Speaking after Monday’s meeting committee member Leslie Baynes emphasized the importance of offering incentives to leaders who might otherwise return to teaching. “There has to be a motivation to do the job beyond ego,” he said, adding that the issue is likely to be ongoing: “More and more we’re going to have trouble attracting good leaders.”

Jeffrey (Skipper) Manter, a longtime committee member who is known as a fiscal conservative, argued that in times of economic uncertainty spending less is a priority. He noted that the salary increases add up to at least $1 million.

“It’s about doing more with less,” Mr. Manter said, adding: “When the assistant principal search fell through it would have been good to see if it was possible to get through without one. We could have survived.”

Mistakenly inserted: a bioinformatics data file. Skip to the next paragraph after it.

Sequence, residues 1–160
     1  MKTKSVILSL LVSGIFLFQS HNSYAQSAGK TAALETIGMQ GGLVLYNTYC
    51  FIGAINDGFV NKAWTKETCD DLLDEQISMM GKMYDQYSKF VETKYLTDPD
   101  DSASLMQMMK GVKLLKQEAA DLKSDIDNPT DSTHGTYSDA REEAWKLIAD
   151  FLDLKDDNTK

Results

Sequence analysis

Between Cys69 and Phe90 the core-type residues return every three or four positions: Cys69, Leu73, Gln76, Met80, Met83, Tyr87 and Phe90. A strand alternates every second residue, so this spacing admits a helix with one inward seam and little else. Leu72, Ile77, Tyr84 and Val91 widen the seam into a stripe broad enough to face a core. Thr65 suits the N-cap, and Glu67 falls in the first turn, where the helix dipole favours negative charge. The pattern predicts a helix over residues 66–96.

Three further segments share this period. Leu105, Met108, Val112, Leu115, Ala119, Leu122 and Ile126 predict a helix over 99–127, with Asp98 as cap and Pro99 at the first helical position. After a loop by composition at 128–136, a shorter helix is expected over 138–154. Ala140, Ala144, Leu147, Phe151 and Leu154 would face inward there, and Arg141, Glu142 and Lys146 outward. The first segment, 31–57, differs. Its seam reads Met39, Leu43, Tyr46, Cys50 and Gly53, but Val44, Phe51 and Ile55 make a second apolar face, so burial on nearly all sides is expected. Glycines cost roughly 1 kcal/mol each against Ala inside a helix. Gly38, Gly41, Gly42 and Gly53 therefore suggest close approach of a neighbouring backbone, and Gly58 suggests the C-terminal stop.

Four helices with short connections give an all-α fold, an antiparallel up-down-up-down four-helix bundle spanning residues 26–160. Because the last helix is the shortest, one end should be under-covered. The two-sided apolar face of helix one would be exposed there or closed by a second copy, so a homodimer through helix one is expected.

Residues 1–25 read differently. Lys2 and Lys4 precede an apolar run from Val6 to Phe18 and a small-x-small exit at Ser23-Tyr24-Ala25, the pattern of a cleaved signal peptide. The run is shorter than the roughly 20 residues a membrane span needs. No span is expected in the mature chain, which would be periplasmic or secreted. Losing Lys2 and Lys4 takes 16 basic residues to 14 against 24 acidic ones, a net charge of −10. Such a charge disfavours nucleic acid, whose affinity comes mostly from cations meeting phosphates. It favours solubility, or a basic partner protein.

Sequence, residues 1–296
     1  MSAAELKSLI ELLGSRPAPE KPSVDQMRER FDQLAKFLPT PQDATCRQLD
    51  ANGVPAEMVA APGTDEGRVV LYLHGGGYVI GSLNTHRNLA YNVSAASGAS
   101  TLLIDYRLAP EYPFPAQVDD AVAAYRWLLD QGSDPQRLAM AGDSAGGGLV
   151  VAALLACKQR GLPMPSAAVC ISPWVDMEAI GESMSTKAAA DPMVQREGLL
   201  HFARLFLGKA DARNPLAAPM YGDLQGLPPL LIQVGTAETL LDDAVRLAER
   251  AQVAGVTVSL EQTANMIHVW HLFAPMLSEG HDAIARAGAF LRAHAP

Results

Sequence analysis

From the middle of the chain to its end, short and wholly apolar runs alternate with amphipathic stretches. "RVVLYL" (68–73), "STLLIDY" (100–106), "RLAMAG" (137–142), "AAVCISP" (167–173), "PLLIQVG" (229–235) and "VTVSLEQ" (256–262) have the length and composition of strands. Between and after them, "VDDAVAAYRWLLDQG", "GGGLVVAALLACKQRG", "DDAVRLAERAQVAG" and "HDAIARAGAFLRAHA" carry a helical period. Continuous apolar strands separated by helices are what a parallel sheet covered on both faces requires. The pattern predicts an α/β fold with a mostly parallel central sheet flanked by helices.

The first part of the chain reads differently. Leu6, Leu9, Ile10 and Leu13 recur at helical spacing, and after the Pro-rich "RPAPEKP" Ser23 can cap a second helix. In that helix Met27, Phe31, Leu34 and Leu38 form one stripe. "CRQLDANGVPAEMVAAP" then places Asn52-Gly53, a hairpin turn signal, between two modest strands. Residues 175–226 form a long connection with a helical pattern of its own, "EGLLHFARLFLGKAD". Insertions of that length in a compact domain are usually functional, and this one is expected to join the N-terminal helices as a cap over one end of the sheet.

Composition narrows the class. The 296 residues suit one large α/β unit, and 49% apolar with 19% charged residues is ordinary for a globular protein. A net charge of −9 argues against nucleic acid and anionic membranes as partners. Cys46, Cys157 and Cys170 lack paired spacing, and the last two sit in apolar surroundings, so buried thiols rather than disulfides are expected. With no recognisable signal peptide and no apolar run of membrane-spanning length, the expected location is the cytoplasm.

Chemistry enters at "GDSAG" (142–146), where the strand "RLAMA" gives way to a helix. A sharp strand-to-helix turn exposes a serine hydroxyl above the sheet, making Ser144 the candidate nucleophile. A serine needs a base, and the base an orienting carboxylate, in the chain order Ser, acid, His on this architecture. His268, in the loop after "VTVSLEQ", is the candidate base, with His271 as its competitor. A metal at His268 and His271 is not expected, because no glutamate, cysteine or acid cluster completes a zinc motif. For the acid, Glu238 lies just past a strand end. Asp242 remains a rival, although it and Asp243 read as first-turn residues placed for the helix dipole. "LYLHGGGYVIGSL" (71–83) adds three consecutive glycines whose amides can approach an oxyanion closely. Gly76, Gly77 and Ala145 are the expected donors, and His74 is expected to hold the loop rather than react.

Laurie Halt, assistant to the superintendent for curriculum and instruction, disagreed.

“I don’t think we could have,” she said. “The work to run this school is enormous. It would have been disastrous, honestly.”

Committee chairman Susan Parker added that this was not a time to be experimenting at the school.

The salaries approved are as follows: Neal Weaver, assistant principal, $88,000; Laura Gliga, special education coordinator, $89,115, Mike McCarthy, guidance director, $98,724; Kate Kavanagh, Rebecca Amos Institute director, $68,740; Jim Maseda, assistant athletic director, $67.275; M. Whitmore, financial assistant, $57,000; Jeff Rothwell, vocational director, $94,685; Woody Filley, technology director, $81,101; Richard Hammond, technology coordinator, $62,646; M.L. Schroeder, treasurer, $28,810; Judy Pizelle, scheduler, $59,923; Tania Laslovich, trainer, $41.987. The new salary of Jim Novack, director of the Performing Arts Center, is $69.858 and pro-rated since he is scheduled to retire from his full-time post later this year. Mr. Nixon’s salary as principal had already been negotiated and set at $117,500.

Mr. Weiss will present recommendations for pay increases for employees at the office of the superintendent, including his own, at an all-Island committee meeting later this month.